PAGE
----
The Adventures of Tola

okada-blog

IMAGE from: omgvoice.com- Jide Odukoya

In this country, a boss should always be bald and have a big belly. My uncle isn’t bald, he hasn’t got a big belly, and you don’t realise, the first time you see him, that he’s the actual boss of a big office in the centre of town. I have been to his office only once, when Mummy could not pick me up from school. Uncle Ahmed unlike many bosses in Lagos did not even have a car of his own. On this day he came to get me not with his car but with an okada. Uncle held both my food and school bag and the okada man propped me right in front of the handle bar, while Uncle sat behind the okada man. I imagined I was the one riding the okada alone as I placed my hands on the handle bar enjoying the wind brush my face and dry my sweaty uniform. It did not bother me that my feet could not reach the pedal or that we were not wearing any helmets, or how upset mummy would be if she found out Uncle had not used a taxi as promised.

 

The Okada man did not know his way around, so Uncle had to direct him through narrow streets to avoid the traffic, the okada man whose attention was divided between my Uncle and the road did not notice the black jeep at the junction. It happened so quickly. I found myself in the middle of the not-so-busy street.

 

My Uncle and the okada man had fallen off the okada a few metres from where I was lying.

The jeep drove off as if nothing had happened.

 

“Uncle Ahmed” I said in a whisper as I tried to get up.

 

The okada man was already on his feet as if this was normal, he helped my Uncle up and picked up my bags from the road. Uncle’s shirt was torn at the sleeves and his blue tie was stained.

 

“God go punish that man!” the Okada man cursed loudly. He picked up his okada and inspected it.

Uncle walked towards me, pulled me up and hugged me. He looked at my face and touched my forehead

“Tola, you are bleeding, I need to get you to the hospital.”

 

“Oga, one hospital dey for the next street make I carry una?” the Okada man cut in starting his motorcycle.

 

“No. No. You have done enough for today no worry, we go use leg.” Uncle said quickly.

“Haba Oga, no be my fault na, make I at least drop you there for free.”

 

“No worry ehn, thank you”

Uncle picked up my bags and carried me gently over his shoulder.

 

“Tola, I’m so sorry. I don’t know what I was thinking. What will your mum say? I wanted to make it back to the office in time…” Uncle Ahmed went on, sobbing lightly as he carried me in his arms to the hospital.

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I wrote this short story as an entry for the AFREADA writes Tomorrow I’ll be 20 competition with Alain Mabanckou in June 2017. I stumbled upon it recently and I absolutely loved it! So I am considering doing a mini-drama series out of this (“The Adventures of Tola”). Did you like it? Please share your thoughts below.

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Driving in Lagos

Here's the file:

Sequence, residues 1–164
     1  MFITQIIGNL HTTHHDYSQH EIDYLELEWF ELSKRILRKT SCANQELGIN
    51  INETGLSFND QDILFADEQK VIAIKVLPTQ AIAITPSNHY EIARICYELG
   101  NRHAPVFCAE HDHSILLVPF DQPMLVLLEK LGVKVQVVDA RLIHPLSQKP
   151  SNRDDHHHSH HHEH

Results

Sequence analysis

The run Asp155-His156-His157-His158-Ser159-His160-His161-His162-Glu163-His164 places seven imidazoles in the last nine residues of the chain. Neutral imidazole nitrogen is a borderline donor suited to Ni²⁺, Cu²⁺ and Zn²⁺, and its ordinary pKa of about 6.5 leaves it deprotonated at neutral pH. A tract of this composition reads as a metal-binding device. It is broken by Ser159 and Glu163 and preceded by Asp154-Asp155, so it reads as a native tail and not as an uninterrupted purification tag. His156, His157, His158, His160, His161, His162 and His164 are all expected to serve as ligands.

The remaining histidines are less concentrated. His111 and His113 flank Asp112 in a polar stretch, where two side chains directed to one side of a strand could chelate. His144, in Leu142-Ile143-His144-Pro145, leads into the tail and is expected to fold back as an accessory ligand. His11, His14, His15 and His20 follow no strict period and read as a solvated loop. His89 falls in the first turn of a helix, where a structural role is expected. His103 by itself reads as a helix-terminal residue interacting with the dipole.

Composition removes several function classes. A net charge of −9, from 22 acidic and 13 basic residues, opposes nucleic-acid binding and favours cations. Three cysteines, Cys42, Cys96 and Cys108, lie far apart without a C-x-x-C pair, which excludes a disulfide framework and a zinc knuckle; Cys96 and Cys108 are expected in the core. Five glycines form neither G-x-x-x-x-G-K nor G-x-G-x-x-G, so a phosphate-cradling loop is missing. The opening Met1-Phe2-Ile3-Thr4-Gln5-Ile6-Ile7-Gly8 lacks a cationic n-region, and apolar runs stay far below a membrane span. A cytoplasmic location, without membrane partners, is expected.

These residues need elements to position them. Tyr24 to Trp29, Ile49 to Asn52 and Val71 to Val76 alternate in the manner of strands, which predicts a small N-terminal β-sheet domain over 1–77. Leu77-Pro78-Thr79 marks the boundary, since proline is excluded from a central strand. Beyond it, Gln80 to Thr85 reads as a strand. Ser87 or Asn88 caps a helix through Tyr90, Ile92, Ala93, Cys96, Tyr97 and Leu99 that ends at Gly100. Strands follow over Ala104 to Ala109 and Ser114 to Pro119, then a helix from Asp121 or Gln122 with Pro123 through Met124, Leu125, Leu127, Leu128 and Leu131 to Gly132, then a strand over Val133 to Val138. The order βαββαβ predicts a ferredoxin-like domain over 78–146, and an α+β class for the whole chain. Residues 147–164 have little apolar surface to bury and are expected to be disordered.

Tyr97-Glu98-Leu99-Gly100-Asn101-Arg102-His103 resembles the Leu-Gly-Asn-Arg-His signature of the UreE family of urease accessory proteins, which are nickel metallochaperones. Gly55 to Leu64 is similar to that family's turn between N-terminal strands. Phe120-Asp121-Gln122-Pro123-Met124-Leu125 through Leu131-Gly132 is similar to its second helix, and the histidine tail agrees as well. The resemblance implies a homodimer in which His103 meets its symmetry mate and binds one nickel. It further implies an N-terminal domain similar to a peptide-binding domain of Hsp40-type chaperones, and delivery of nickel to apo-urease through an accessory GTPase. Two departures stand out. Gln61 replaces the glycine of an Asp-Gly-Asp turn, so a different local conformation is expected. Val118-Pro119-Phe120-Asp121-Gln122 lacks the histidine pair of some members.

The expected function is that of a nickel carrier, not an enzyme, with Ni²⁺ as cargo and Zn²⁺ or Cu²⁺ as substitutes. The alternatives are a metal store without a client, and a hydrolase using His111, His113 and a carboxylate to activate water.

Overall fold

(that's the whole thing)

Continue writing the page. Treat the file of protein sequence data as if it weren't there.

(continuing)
Someone once told me that if you can drive in Lagos, you can drive anywhere else in the world. For a long time I believed those words because it is only logical that if you can do something in the hardest or toughest conditions, you can do it when things are easier. In the past few weeks I have decided to re-evaluate whether this is true. 

What makes driving in Lagos truly challenging is quite complex and difficult to explain. One reason I say this is the fact that there are too many cars and not enough roads; hence most of your driving experience is spent in traffic (‘go slow’), and I have to say that driving in traffic is an art. It is a story of near misses and dodging of  potholes, danfos (commercial busses) , and broken down vehicles. It is one of patience when there is grid-lock and gruesome aggression when the traffic eases up. 

There is also the competing modes of transport. In some parts of Lagos okadas (motorcycles), kekes (Nigerian rickshaws) commercially  operate simultaneously as well as danfos, let us not forget the occasional bicycle rider. What this means is that the average Lagos Motorist has a lot to pay attention to; you can not make sharp turns or fail to horn or use your pointer( “traffigator”), You have to communicate effectively with your lights to not only other private cars but other road users (pedestrians inclusive) to avoid accidents.

There is also the number of trucks in Lagos. For a long time, I remember avoiding roads that had too many big trucks and tankers. I soon realised that the only way to avoid them was to move out of Lagos; they are everywhere. The hardest part about driving next to an average 7.5 tonne truck in Lagos is the ‘road-bullying’. These truck drivers are in a mad rush and will do anything to get you out of the way. With a lot of horning you can overcome your fear and overtake a truck (but please don’t overtake them on a bend).

For the most part driving in Lagos is tough, however just because you can drive in Lagos does not make you a better driver, in contrast I think you become a horrible driver. The driving environment in Lagos does not foster good driving habits, such as, waiting at a zebra crossing, or giving way for traffic on the left. It is almost impossible to observe any of these traffic paradigms because of the fear of causing an accident when you slow down suddenly or the simple fact that there is just too much traffic to slow down any further.

Driving in Lagos is no guarantee that driving anywhere else will be easier, for the most part it is harder to drive else where because there is a lot more to driving than just competing for space, road raging and horning!lagos-traffic